Date: Mon, 19 Dec 2005 15:37:22 -0500
Reply-To: lmstroud**At_Symbol_Here**AOL.COM
Sender: DCHAS-L Discussion List <DCHAS-L**At_Symbol_Here**LIST.UVM.EDU>
From: lmstroud**At_Symbol_Here**AOL.COM
Subject: Re: Confusing risk message?
Comments: To: rstuart**At_Symbol_Here**
In-Reply-To: <50709175-AB3C-4D8A-B66E-F7122D477FE9**At_Symbol_Here**>
You are exactly correct.  The message is indeed mixed.  Rarely do you see a photo in a newspaper, on the web, or in a book where students are wearing Chemical Splash Goggles when working with any type of fluid-not to mention the mouth pipetting issue.
As i assess middle/secondary school laboratories, I find that many teachers do not know the correct type of eye wear.  They simply tell me that the science catalog indicated the safety glasses met the ANSI Z87.1 standard-not knowing it is an impact standard only. Many science catalogs also promote safety glasses as the most popular form of safety eye protection.  Somehow, we must send a clear message regarding laboratory safety.
My own daughter had conc sulfuric acid to blow back in her face in organic lab this year. I had taken her safety glasses  (llike all the other students were wearing) and given her chemical splash goggles to wear. She said that everyone teased her over the funky goggles. Thank God! she had the funky goggles on!!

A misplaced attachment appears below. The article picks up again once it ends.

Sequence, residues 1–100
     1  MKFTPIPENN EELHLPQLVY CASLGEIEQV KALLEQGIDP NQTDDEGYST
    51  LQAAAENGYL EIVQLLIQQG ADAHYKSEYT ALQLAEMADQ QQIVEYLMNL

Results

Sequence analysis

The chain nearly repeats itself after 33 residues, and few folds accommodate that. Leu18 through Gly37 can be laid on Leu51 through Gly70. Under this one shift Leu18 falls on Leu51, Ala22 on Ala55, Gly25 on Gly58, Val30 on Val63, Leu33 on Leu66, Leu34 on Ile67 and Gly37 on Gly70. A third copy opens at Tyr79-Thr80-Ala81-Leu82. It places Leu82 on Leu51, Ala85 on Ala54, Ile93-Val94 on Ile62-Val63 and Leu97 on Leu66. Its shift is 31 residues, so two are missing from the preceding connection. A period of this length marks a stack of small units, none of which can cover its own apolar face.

Linda M. Stroud, Ph.D
Science & Safety Consutling Services
Raleigh, NC 27607
-----Original Message-----
From: Ralph Stuart 
To: DCHAS-L**At_Symbol_Here**LIST.UVM.EDU
Sent: Mon, 19 Dec 2005 11:56:10 -0500
Subject: [DCHAS-L] Confusing risk message?

I received the December 12 issue of C&EN news today and found the cover photo to be a rather confusing risk message. It shows two high school girls participating in National Chemistry Week activities with lab coats and safety glasses on. They are using straws to blow air into liquid soap to form bubbles. 
My gut reaction in looking at the picture was "oh my god, they're mouth-pipetting; I thought we got rid of that last century". Looking at the picture more closely, I realized what was going on and understood why they wanted to use straws for better pressure control. However, my question is "Are the lab coats and glasses appropriate in this setting?" 
By using these ppe in this situation, are the girls building good lab habits, or perhaps, receiving a confusing risk message that says liquid soap is as dangerous as any other chemical you might work with? When they get to college chemistry lab are they less likely to use ppe when working with a strong corrosive because they "too old" for high school habits now? 
I don't expect a clear answer, but I'd be interested in hearing CHAS people's thoughts... 
- Ralph 
Ralph Stuart, CIH 
Environmental Safety Manager 
University of Vermont 
Environmental Safety Facility 
667 Spear St. Burlington, VT 05405 
fax: (802)656-5407 

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